It’s interesting to notice when you’ve stopped caring about something, especially those things you feel you “should” like for the sake of being a “legit” human being, sophisticated city-dweller, cool kid on the gentrified city block, whatever. You know what I mean: grown-ups read the world politics section everyday. Grown-ups speak at least two foreign languages and can converse upon any subject at a dinner party. When I was four, this is what I thought being a grown-up was.
Lately, I’ve stopped caring about these following things that I thought successful dinner party adults should pay attention to — or perhaps just admitted to myself that, deep down, I can’t fire up the sustained interest to pay attention anymore. I feel like I’m being a bad grown-up admitting some of these — but that’s something I’ll sacrifice, I suppose, for the sake of feeling free and honest and all those good things in life.
U.S. Congressional and Electoral Politics
I’m very politically minded — I’m one of the most bolshie people I know! I have deep and abiding interests on feminism, Africa, Asia, poverty, reproductive rights and several other topics. I like reading tomes and U.N. white papers on stuff like this. But keeping up with what is going on in Capitol Hill doesn’t interest me in the slightest, mostly because all the fighting and politicking distresses me. I forget who the “whips” are; I have to look up major senators all the time. Even when it’s people who reflect my beliefs and values, I find it highly upsetting to hear the vitriol and mudslinging. During the recent presidential election, I hid everyone with aggressive politicking tendencies from my Facebook timeline because every time I went on there, I’d just get this awful feeling, the one I call “hives of the soul,” where you feel stressed out and helpless and angry.
The truth is that I can only handle a certain kind of political news as filtered through people like Jon Stewart and Stephen Colbert, because if I couldn’t laugh at the stories of senators name-calling and obstructing one another, I’d probably just cry myself sick every night at how senseless and utterly fucked the world is. I do read The Economist every week (best reporting ever, if you ignore the free market stuff), but that’s all I can manage, and there’s something fun about getting a more distant perspective on our politics from an overseas publication. And you know what? I feel okay about this. If anything really important happens, there are more than enough people in my life to tell me in fine, hashed-out detail and strong opinion. I know lots of smart, well-informed people, and I’m happy to outsource some of my nitty-gritty U.S. Congressional political knowledge to them.
Don’t get me wrong — I really like food. Who doesn’t like food? If you didn’t like food, you’d die. But it’s taken time for me to accept that I’m just not that fancy when it comes to cooking. Sure, I like eating sushi, oysters with a perfect mignonette sauce, unusually flavored ice creams and the like. I’m not going to turn down a friend’s suggestion to eat at Blackbird or Loneman & Eagle or Momofuku or a million other delicious places. I’m intrigued by Prohibition-style cocktails when the opportunity presents itself to drink them. But when it comes to the food I make myself and everyday life in general, I’m more on the side of Kraft Macaroni and Cheese — which is my favorite food of all time, honest to God. I like trying different recipes, but they’re all peasant food, really: simple, hearty, unpretentious and easy to throw together. Slow cooker and one-pot recipes: this is what works in my life. I can fancy up anything out of a box. But tell me I have to run out to the snobby whatever-cuterie for an ingredient I can’t use in at least five other dishes? Forget it.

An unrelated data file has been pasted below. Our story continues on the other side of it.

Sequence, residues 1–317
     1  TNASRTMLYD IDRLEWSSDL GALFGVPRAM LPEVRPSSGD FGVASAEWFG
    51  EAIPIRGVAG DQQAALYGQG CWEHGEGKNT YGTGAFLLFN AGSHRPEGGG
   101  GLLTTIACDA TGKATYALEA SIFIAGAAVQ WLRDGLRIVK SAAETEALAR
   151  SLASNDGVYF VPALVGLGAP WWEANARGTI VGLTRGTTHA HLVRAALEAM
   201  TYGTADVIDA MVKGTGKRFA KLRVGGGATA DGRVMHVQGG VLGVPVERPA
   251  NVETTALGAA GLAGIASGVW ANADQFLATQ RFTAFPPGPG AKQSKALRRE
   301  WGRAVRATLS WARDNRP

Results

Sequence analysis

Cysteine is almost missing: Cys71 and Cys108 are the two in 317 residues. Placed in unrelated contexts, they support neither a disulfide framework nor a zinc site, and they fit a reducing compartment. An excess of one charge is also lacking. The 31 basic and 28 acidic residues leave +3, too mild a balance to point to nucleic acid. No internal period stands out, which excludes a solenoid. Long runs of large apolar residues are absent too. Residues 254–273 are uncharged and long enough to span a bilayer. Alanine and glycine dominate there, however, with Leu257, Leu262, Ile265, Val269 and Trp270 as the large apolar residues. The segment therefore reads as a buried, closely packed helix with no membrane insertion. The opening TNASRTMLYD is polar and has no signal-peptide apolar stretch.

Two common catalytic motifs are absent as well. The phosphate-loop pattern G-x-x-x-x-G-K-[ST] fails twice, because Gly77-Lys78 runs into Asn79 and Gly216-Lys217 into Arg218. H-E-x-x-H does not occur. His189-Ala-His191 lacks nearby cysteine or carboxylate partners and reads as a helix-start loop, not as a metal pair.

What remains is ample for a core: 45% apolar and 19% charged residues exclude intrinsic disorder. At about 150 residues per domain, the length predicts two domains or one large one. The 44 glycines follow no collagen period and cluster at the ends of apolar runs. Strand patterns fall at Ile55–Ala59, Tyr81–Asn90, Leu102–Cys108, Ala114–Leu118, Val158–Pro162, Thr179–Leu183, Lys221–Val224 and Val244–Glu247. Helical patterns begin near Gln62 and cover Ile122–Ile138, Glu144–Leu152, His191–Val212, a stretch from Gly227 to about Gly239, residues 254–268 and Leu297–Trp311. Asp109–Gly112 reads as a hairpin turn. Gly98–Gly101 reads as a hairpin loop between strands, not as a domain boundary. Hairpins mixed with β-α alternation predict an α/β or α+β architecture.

Contemporary Literary Fiction as a Scene
I think I feel the most guilt about this, because am I not a writer? And don’t I read everything else: Restoration-era comedy, Greek history, the Harlem Renaissance, science fiction, young-adult steampunk fantasy, magical realism? And don’t I read plenty of contemporary genre novels? But after forcing myself to read any number of contemporary writers that all the smart grown-ups read (you know the ones), I realized I couldn’t remember any of the characters’ first names, nor remember much of the stories when I tried to talk about the books with other people. (I’m a terrible book club member.) I can’t fake engagement when it isn’t really there. I just have to admit that outside of a few writers emerging as true masters, I don’t resonate with the books of my time as I’d wish, and it’s not something I can force. (One exception: contemporary poetry. For some reason — probably because I began writing as a poet — I find it hella easy to keep up and engage with modern poets. Especially if the poems have heavy metal references.)
Multitasking/Productivity In General